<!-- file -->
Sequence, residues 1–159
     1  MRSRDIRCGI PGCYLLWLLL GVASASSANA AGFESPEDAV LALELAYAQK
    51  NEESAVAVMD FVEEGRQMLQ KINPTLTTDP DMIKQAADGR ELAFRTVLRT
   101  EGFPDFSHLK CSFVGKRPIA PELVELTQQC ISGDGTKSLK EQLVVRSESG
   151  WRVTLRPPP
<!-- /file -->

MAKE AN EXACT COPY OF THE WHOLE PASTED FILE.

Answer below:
Sequence, residues 1–159
     1  MRSRDIRCGI PGCYLLWLLL GVASASSANA AGFESPEDAV LALELAYAQK
    51  NEESAVAVMD FVEEGRQMLQ KINPTLTTDP DMIKQAADGR ELAFRTVLRT
   101  EGFPDFSHLK CSFVGKRPIA PELVELTQQC ISGDGTKSLK EQLVVRSESG
   151  WRVTLRPPP